Nevada marks 150 years with a 1,300-pound cake
March 25, 2014
Using a sword from Nevada's fifth governor, Charles C. Stevenson, first lady Kathleen Sandoval cut the first slice of Nevada's birthday cake Friday in celebration of the state's 150th year.
"As a native Nevadan, it makes it all the more special," she said. "I've been able to see how Nevada has progressed over the last 48 years. To look at our history and see where we've come over the last 150 years is spectacular to me."
The 13-by-21-foot cake, which weighed in at about 1,300 pounds, was a replica of a cake created 50 years ago by Sewell's Bakery to celebrate the state's 100th birthday. This year's cake was baked by volunteers, mostly from the Nevada Department of Conservation and Natural Resources.
In a ceremony held Friday — the 150th anniversary of President Abraham Lincoln signing an act to allow Nevada to begin the process of becoming a state — at the Carson Tahoe Regional Medical Center, Mark Twain, portrayed by McAvoy Lane, read a proclamation from Gov. Brian Sandoval declaring it Battle Born Birthday Cake Celebration day.
"It is only fitting that a reproduction of their cake is to be enjoyed again by the people of the state of Nevada," the proclamation read. "This beautiful and edible Battle Born display should forever remind us of our origins and signifies our strength born at a time of war, freedom and discovery."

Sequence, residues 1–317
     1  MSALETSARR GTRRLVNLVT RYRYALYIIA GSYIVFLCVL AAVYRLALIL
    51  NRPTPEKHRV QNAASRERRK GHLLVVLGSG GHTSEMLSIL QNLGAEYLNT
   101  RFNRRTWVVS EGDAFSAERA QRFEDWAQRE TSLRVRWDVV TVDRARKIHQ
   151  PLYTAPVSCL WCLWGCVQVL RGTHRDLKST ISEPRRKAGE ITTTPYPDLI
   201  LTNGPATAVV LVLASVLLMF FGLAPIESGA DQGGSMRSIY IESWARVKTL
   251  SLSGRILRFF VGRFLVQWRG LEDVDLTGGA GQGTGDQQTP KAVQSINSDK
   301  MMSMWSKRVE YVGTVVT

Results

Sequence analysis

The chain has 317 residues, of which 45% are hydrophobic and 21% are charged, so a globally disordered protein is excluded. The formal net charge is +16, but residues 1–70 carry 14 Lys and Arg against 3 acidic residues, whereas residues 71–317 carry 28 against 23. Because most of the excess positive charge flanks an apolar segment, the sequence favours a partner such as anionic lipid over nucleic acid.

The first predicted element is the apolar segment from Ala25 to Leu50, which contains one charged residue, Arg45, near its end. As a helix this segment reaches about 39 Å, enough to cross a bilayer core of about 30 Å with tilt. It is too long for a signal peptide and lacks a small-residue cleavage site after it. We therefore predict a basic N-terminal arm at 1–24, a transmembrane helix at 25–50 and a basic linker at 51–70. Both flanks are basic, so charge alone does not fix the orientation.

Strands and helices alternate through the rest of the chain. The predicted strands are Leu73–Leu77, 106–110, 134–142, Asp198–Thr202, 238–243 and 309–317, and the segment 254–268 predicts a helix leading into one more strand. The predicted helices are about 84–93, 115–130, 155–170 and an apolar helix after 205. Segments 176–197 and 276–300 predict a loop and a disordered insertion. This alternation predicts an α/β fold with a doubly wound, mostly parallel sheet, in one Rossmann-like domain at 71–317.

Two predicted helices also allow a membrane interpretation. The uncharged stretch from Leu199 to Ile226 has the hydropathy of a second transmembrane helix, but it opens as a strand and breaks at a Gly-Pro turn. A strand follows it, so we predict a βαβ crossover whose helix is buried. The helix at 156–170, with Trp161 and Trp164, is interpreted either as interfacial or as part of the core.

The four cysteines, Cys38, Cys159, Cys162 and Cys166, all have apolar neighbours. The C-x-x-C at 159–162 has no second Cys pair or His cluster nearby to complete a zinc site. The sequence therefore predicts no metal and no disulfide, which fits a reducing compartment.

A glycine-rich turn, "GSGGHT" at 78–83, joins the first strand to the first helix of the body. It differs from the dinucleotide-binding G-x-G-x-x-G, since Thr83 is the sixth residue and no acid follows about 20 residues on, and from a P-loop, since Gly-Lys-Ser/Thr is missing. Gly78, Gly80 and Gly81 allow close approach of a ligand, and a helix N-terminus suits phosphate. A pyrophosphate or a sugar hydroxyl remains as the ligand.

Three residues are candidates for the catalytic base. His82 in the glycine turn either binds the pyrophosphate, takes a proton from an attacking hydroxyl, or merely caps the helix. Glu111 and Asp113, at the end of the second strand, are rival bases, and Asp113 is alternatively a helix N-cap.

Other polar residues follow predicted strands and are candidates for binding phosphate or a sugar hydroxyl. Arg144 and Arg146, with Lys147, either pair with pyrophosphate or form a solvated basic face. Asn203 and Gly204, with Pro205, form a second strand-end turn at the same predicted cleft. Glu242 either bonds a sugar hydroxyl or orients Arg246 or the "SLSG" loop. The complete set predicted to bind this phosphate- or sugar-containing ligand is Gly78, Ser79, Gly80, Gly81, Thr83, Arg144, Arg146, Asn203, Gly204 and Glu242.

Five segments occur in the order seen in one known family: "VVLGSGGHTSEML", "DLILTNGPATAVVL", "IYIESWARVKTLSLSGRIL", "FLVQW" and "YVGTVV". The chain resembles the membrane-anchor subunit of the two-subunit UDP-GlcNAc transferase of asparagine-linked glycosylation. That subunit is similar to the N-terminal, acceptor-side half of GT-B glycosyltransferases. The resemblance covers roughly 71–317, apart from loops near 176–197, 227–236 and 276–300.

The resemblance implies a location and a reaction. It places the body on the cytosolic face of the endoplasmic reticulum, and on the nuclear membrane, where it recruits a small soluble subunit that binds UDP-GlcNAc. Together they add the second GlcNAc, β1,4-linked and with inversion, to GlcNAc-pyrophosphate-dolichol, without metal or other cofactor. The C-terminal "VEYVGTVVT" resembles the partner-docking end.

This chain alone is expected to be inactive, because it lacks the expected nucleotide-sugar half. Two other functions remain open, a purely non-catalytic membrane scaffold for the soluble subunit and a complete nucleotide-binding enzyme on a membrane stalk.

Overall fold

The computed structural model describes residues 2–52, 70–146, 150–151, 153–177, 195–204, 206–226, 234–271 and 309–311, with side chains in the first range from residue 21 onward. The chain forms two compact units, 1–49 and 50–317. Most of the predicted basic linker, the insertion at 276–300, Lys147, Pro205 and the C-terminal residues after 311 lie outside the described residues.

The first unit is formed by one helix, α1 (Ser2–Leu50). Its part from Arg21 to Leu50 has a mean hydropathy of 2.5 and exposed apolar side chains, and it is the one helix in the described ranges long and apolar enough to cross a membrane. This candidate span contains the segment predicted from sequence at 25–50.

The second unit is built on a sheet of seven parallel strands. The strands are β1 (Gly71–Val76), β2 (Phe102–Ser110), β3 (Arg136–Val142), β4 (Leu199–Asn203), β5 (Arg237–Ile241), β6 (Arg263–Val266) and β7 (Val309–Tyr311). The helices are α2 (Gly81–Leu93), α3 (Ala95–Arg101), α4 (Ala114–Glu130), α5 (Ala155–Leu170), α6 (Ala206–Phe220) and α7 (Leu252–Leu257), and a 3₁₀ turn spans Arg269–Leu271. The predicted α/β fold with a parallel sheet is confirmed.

Cowboy Poet Waddie Mitchell read his official poem of the sesquicentennial, "Dame Nevada."
He told of the state's harsh climate and stark beauty, and the people who choose to call it home.
"Deemed and destined Dame Nevada, cloaked in sage and sunset crowned. Making sense and friends and legends, turning prudence upside down."
And he advised that modern-day Nevadans pay heed to the Washoe, Paiute and Shoshone who settled the rugged terrain long before statehood.
"Be protective and responsive to Her needs and feed Her pride. And as Nevadans, we should not forget what native stories tell, 'If we but live within her wishes, we will prosper and live well.'"
Mitchell said it was an overwhelming venture to capture the spirit of the state and its history into one poem.
"I could write three novels to try to capture the essence," he said. "It was a daunting task."
Carson City Mayor Robert Crowell said the ceremony sparked his sense of pride.
"To be able to celebrate Nevada's 150th birthday is rather emotional," he said. "It's a great day. I'm proud to be a native Nevadan."